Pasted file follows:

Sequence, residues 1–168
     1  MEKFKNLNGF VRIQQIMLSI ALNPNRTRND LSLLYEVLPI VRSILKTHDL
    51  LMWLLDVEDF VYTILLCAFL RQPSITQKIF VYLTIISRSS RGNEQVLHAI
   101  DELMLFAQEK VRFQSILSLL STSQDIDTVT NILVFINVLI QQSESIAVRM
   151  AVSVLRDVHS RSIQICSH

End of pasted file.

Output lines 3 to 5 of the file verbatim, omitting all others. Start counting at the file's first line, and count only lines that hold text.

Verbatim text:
    51  LMWLLDVEDF VYTILLCAFL RQPSITQKIF VYLTIISRSS RGNEQVLHAI
   101  DELMLFAQEK VRFQSILSLL STSQDIDTVT NILVFINVLI QQSESIAVRM
   151  AVSVLRDVHS RSIQICSH